On Island

Our plane has just landed in Kauai when the message arrives. The owner of our holiday rental won’t be there to greet us. She’s off island but not to worry. She has plenty of local contacts in case of an emergency and we can always reach her if we keep in mind the time difference. Apparently, being off island means you’re on the mainland USA.

Then I read a short story about Albert, a male nurse who lives on Kauai. He’s also a gay man who cannot come out to his family. So he travels to Honolulu for sexual release.

I’m inconspicuous enough there, you know? The coconut wireless doesn’t stretch from O’ahu to Big Island.

Kristiana Kahakauwila, “The Old Paniola Way” in This Is Paradise

So, off island means someplace other than home. What then does it mean to be on island?

Family

Big Island coast
End of the World, Big Island. Photo credit: Karen Kao

I pose this question to my friends on the Big Island. Originally from Los Angeles and East Texas, this is their 3rd time living in Hawaii and it looks like they’re here to stay. They’re proud of their new home In Kailua-Kona and want to show me the sights. Instead, I ask for insight into life on Hawaii.

So they take me to a baby luau, a grand celebration to celebrate the 1st birthday of a little girl. The proud Papa is Honduran, the Mama comes from Mexico. The feast they serve is a combination of both traditions while the band has just flown in from LA. It’s like I never left the Southland and yet this, too, is Hawaii.

There is a long tradition of seasonal workers coming to Hawaii to work at the sugar cane, pineapple, and coffee bean plantations. The first seasonal workers were Japanese, Chinese and Portuguese. The men at this luau are their successors. These are cowboys who work the cattle and horse ranches on the Big Island. They wear ten gallon hats and heavily worked belts. Tenderly, they hold the little birthday girl in their arms.

The Melting Pot

Duck surfboard on Kauai Island
Surf’s up. Photo credit: Karen Kao

The last time I was on the Big Island was 10 years ago. We stayed at a guesthouse in Hilo whose owners had also left the mainland. She was Mexican and he was Italian. They were both from the Bay Area and tired of the grief they were getting as an interracial couple.

My friend in Kailua-Kona echoes that thought. She’s 4th generation Japanese-American, born and raised in the Los Angeles area. Until she moved to Hawaii, she never realized how uncomfortable she felt as an Asian in LA.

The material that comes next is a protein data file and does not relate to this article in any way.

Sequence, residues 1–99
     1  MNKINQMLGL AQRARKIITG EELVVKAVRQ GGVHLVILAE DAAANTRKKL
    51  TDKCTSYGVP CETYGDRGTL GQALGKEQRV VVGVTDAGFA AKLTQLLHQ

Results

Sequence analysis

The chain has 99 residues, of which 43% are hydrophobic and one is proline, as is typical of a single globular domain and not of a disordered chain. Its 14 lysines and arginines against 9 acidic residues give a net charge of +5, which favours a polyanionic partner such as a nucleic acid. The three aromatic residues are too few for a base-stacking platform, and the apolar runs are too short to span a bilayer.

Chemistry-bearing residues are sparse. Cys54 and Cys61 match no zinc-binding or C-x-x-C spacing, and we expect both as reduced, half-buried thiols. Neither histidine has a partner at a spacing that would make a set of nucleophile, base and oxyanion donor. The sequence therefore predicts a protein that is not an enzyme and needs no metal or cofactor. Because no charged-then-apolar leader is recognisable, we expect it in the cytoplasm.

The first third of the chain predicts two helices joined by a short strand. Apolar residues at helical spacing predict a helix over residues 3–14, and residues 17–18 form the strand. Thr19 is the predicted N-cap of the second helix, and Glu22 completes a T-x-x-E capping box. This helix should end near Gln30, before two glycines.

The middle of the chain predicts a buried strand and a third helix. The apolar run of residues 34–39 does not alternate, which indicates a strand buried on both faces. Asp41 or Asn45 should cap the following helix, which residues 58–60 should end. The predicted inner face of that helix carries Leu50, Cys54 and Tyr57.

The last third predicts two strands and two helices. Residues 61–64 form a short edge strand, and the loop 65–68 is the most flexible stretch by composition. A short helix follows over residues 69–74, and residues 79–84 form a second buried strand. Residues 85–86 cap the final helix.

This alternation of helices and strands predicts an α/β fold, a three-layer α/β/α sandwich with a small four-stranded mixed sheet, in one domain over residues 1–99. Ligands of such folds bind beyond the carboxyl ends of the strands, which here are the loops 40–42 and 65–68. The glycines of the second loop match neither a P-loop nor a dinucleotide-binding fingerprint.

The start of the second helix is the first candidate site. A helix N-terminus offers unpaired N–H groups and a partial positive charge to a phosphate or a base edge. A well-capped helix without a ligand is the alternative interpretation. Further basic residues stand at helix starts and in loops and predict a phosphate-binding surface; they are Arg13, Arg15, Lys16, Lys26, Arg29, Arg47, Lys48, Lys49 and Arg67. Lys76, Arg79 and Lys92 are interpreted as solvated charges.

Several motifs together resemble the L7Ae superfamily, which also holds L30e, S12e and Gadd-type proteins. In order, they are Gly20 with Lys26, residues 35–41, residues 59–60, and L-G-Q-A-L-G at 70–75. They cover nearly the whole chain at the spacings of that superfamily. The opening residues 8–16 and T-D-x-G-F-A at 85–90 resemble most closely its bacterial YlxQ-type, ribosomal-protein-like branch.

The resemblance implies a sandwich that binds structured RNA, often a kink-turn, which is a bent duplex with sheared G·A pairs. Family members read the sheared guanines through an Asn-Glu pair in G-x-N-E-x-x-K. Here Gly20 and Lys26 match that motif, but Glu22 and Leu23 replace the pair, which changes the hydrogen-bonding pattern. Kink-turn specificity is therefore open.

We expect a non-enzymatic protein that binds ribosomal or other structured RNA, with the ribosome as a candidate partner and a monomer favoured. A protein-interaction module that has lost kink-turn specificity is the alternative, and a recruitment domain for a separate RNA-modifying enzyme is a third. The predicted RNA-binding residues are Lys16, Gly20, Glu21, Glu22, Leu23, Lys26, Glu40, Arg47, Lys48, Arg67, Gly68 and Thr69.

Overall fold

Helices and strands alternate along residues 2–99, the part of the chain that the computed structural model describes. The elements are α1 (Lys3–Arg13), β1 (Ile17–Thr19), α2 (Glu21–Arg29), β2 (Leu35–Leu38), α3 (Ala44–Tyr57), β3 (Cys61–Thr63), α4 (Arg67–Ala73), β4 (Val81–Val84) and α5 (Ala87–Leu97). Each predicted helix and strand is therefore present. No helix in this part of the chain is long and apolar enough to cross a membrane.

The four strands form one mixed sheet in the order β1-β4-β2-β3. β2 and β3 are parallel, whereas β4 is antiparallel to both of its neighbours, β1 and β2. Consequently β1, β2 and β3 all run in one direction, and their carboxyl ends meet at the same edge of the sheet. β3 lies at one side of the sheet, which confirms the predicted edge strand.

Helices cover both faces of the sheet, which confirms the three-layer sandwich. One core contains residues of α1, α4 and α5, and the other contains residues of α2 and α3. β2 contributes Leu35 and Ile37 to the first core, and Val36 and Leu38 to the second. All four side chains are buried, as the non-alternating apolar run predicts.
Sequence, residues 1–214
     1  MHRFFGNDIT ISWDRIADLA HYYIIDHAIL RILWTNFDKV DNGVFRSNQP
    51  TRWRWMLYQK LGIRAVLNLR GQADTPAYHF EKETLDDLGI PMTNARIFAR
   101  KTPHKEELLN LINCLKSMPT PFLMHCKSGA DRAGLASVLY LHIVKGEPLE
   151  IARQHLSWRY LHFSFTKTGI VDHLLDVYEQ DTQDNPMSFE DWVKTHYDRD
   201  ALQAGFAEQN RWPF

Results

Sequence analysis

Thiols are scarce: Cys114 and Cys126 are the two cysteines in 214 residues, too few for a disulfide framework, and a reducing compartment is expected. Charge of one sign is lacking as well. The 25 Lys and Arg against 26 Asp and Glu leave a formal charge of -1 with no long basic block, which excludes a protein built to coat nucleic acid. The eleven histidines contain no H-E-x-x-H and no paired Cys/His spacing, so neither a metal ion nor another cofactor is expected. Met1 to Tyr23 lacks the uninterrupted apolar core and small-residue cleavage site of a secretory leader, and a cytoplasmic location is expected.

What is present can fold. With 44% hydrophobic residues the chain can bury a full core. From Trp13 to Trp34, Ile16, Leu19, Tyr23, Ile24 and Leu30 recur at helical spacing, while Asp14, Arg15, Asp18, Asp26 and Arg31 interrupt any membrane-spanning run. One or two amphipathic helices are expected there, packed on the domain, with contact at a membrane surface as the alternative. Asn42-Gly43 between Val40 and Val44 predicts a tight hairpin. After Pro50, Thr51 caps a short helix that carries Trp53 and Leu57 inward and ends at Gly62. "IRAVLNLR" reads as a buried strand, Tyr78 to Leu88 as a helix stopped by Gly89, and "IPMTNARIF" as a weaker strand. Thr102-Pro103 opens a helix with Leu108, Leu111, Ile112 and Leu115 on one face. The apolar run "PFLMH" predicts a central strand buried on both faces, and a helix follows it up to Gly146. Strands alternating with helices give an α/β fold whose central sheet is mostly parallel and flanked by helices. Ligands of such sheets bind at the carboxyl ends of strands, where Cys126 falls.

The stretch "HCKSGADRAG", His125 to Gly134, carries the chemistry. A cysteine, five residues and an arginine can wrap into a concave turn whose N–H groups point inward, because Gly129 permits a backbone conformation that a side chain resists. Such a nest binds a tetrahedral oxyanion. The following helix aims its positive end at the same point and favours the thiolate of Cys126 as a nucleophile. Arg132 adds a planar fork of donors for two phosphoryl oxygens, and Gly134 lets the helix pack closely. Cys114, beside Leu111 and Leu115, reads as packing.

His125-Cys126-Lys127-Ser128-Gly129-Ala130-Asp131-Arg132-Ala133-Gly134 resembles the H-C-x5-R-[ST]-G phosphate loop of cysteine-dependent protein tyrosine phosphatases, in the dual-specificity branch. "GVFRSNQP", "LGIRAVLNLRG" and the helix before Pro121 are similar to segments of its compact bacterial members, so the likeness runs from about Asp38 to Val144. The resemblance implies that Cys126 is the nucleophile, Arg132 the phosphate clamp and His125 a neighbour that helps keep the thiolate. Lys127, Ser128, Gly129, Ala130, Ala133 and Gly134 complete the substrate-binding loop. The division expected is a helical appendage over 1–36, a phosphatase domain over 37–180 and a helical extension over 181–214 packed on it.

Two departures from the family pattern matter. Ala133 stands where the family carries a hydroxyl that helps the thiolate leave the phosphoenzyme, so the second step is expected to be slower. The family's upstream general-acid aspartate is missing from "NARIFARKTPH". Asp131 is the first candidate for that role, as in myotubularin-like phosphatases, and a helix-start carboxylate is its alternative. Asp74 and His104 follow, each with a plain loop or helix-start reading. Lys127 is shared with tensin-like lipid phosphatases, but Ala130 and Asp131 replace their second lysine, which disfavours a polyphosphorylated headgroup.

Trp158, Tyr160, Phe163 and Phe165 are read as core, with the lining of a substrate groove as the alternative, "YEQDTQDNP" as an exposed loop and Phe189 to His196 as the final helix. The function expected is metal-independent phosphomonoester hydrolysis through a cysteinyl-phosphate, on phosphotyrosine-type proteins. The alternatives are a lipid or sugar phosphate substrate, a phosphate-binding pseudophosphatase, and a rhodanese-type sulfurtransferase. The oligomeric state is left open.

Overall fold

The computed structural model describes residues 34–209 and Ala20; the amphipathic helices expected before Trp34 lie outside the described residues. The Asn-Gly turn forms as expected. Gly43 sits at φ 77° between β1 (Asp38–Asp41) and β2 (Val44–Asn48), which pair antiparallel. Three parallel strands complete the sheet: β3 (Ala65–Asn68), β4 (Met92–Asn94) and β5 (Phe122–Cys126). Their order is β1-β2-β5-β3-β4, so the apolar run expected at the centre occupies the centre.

In Hawaii, everyone is a poi dog.

a mutt, the kind of dog that finds you and not the kind you breed special.

Kristiana Kahakauwila, “Wanle”

One of the creation myths of the United States is that we as a nation are a melting pot. Statistically, that might be an accurate statement but emotionally, it is a truth hard for many to swallow. The islands of Hawaii may be the only part of the US that embraces its diversity.

Island Economy

This is not to say that Hawaii is paradise. There is poverty, homelessness, and substance abuse here. Economic opportunity lies in tourism and the service sector that supports it. Your ability to stock your refrigerator or find skilled labor depends on what or who comes in on the boat. It makes little difference whether you’re on the Big Island, Kauai, or Oahu.

Rooster on Kauai Island
Kauai rooster. Photo credit: Karen Kao

The winter storms can be particularly hard hitting on an island like Kauai. Roads and bridges wash out and it may take years before they’re repaired. During the last big storm in 1992, cages for fighting cocks were knocked down. The cocks ended up mating with the wild red fowl and now there’s a plague of brilliantly feathered roosters all over the island.

The lack of resources seems to bother only the mainlanders like me. Everyone else is fine with making do with less. This is a form of minimalism that Marie Kondo would like. But the island way of life is not inspired by lifestyle blogs or even choice.

Minimalism, I came to think, is not necessarily a voluntary personal choice, but an inevitable societal and cultural shift responding to the experience of living through the 2000s. Up through the 20th century, material accumulation and stability made sense as forms of security. If you owned your home and your land, no one could take it away from you.

Kyle Chayka, “The empty promises of Marie Kondo and the craze for minimalism” in The Guardian, 3 Jan 2020

Minimalism in the Marie Kondo sense requires a certain level of financial security before jettisoning those things that no longer spark joy. Chayka cites a photograph of Steve Jobs seated on the floor of his otherwise unfurnished home. Jobs claimed then:

All you needed was a cup of tea, a light and your stereo, you know, and that’s what I had.

Of course, the house was in Los Gatos, California, the lamp a Tiffany antique, and the stereo a model that cost $82,000 at the time.

I’ve been feeling quite proud of my ability to travel the world with hand luggage only. And yet, when I look at the array of devices I carry — iPhone, iPad, Kindle, camera, and Bluetooth earphones — I’m anything but minimal. If this trip is about making do with less, then perhaps the solution is to get back on island.

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